Imagine being a player, coach or employee of the Los Angeles Clippers these last few months. Everyone associated with the team felt not only a lack of leadership and uncertainty about their futures, but shame and humiliation.
How do you survive something like that?
I think we can garner 3 lessons out of that extreme case of an organization in flux.
FOCUS ON WHAT YOU CAN CONTROL
Doc Rivers, the LA Clippers coach: “My focus is completely on trying to figure out a way of eliminating the distractions. . . . This is a situation where we’re trying to go after something very important for us. . . . It does [have an impact], but you’ve got to move on. . . . That’s adversity that we didn’t want, but we have it, we’ll have to deal with it.”
To counter discouragement and even despair and keep their people moving forward productively, Alcoholics Anonymous has long urged its members to focus on what they can control and let go of what they cannot.
To use another sports metaphor, star baseball players say that when their offense is in a slump, they need to stay focused on playing good defense, keep at it on offense and wait for a better day to click in.
ANGER – NOT RESENTMENT
Doc Rivers again: the team “was pissed.” “This is not anything anybody wants to go through, and this is never good for anyone. . . . They’ll grow from it and they’ll be better people because of it.”
Referring to plans to run an off-ramp of an interstate highway through a low-income Latino neighborhood, a good friend of mine, many years ago, emphasized the importance of making a distinction between “being pissed” and getting resentful. Anger is a natural reaction to a threat. Resentment is settling into a life-negating spiral of outrage that ends up corroding yourself.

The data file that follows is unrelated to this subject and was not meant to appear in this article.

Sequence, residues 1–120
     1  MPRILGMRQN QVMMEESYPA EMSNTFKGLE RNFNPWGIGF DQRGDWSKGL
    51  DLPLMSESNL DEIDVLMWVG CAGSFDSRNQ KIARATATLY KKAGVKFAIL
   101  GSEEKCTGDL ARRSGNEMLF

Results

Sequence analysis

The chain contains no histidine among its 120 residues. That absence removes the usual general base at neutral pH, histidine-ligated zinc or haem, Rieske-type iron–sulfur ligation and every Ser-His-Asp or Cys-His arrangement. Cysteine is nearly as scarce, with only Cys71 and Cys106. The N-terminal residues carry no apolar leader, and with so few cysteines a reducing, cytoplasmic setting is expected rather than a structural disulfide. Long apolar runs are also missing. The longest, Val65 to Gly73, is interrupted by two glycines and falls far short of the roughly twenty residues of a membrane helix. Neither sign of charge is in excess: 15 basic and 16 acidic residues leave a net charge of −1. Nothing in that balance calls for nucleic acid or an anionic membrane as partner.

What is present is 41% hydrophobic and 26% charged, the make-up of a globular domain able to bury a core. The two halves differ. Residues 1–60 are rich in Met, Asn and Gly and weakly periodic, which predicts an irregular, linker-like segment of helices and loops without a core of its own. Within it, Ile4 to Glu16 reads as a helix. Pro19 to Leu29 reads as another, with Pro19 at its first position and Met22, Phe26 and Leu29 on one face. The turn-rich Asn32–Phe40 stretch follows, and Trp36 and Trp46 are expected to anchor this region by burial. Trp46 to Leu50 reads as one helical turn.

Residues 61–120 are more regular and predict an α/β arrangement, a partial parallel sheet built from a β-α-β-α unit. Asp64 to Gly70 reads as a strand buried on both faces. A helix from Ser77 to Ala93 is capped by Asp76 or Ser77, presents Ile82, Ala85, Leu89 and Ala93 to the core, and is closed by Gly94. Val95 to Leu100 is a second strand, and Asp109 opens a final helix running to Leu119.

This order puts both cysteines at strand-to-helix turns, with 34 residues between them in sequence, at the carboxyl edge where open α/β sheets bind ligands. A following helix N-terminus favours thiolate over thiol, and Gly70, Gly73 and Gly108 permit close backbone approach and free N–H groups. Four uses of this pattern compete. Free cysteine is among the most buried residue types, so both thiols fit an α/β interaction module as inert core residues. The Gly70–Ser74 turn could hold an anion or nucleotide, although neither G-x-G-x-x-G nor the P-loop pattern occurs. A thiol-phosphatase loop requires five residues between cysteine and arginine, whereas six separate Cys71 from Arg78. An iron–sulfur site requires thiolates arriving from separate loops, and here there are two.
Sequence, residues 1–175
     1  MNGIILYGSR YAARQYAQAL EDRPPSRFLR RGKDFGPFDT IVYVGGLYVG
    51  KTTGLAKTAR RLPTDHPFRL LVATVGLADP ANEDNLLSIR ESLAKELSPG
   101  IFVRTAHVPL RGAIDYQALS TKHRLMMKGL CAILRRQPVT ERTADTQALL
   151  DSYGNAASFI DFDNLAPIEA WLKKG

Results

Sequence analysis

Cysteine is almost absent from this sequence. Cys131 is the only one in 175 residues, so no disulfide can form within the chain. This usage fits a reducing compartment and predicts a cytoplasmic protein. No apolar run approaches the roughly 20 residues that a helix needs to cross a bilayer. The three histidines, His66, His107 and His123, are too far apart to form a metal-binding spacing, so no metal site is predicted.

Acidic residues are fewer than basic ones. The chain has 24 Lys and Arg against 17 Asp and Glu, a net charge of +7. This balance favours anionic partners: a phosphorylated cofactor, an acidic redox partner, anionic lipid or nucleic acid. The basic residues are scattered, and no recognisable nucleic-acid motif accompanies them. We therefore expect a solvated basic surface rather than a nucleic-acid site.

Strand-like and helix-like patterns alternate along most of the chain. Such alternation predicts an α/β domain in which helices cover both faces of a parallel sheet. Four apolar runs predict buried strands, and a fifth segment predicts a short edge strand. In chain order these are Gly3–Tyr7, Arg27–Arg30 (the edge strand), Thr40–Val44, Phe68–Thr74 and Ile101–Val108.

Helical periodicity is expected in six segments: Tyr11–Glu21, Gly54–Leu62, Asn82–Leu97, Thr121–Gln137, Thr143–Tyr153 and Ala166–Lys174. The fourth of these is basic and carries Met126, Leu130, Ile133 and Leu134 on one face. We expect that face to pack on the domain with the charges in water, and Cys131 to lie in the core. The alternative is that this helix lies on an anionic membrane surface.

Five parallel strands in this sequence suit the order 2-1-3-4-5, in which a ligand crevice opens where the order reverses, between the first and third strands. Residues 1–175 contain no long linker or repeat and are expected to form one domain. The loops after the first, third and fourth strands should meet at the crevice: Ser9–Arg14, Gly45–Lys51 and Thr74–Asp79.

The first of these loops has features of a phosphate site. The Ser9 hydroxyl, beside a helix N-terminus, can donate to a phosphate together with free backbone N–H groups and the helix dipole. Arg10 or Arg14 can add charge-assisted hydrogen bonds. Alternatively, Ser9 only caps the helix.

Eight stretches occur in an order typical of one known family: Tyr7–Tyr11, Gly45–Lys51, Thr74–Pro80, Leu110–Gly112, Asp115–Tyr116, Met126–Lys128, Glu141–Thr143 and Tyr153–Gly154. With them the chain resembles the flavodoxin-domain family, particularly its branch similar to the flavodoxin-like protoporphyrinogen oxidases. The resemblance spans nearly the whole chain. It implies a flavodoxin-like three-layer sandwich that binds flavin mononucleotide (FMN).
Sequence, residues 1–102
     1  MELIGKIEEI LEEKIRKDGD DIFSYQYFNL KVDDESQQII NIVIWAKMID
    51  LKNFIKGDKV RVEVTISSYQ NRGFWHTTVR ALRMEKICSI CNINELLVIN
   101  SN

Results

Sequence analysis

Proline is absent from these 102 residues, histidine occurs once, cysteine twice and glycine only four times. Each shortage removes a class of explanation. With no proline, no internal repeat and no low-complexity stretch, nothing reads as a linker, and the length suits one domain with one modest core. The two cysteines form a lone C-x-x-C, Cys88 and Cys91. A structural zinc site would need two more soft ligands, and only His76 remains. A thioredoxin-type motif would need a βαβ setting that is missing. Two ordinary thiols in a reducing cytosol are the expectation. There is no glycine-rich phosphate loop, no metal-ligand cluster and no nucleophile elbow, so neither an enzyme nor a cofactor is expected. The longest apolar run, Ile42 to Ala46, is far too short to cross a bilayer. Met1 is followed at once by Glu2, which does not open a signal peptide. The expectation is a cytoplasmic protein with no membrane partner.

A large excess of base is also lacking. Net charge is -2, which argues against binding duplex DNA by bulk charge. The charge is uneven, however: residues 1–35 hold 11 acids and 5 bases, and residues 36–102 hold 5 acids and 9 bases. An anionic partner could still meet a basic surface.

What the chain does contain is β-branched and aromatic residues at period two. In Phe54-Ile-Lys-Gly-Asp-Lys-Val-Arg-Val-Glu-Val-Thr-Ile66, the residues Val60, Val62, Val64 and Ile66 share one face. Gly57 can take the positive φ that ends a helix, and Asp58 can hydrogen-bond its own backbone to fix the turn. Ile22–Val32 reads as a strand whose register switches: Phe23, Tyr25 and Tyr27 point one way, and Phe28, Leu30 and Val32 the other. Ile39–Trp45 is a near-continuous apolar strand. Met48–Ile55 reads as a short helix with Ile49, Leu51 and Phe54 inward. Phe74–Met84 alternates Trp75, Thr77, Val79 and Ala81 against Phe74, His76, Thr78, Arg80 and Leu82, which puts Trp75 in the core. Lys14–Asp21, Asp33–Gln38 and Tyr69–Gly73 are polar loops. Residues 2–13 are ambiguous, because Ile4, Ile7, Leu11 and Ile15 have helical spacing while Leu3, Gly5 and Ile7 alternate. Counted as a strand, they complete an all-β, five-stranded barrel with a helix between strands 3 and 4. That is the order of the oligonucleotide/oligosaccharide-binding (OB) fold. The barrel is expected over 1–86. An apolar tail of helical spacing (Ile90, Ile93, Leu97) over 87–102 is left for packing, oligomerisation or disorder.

“Anger is not one thing. It is many things, loosely organized by language into a whole. It is . . . not the feeling of anger per se that has caused harm. Rather, the cold soup of enacted or contemplated self-righteousness or the hot energy of attacking others can easily lead to actions with negative consequences. But these need not be the core features of anger.” (1)
REMEMBER WHAT YOU LOVE
“When the [NBA] commissioner [Adam Silver] put this to me [becoming emergency interim chief executive of the Clippers], I said, ‘Hey, I love basketball,’ ” Richard Parsons said. “I don’t like basketball. I love basketball. It represents all the best in teams sports, and character building and it’s fun. I love basketball. I always have.”
The atmosphere may be foul, the future gloomy, prospects fading by the hour. But if I can dig down into what I truly like and enjoy about my work – not necessarily my job, but my work – then that may see me through some very difficult times and may become what transforms raw talent into polished skill, like tempered steel.
I know this is hard to do, a lot harder than fancy words make it seem. But if you walk into a factory, an office or a home where worry and uneasiness seem to rule, isn’t it the one bright, smiling, centered person there whom you will remember when you leave? Stay focused on what you love, and that energy may make you special.
And that is the part of all this about “flourishing.” Human nature seems to have this propensity for getting sucked into the “Sturm und Drang” all around us. Those who rise above that will stand out for their resilience and will find value either in the new organization or the next organization.
(1) ACT On Life Not On Anger, George H Eifert, Ph.D.; Matthew McKay, Ph.D.; and John P. Forsyth, Ph.D. 2006: New Harbinger Publications.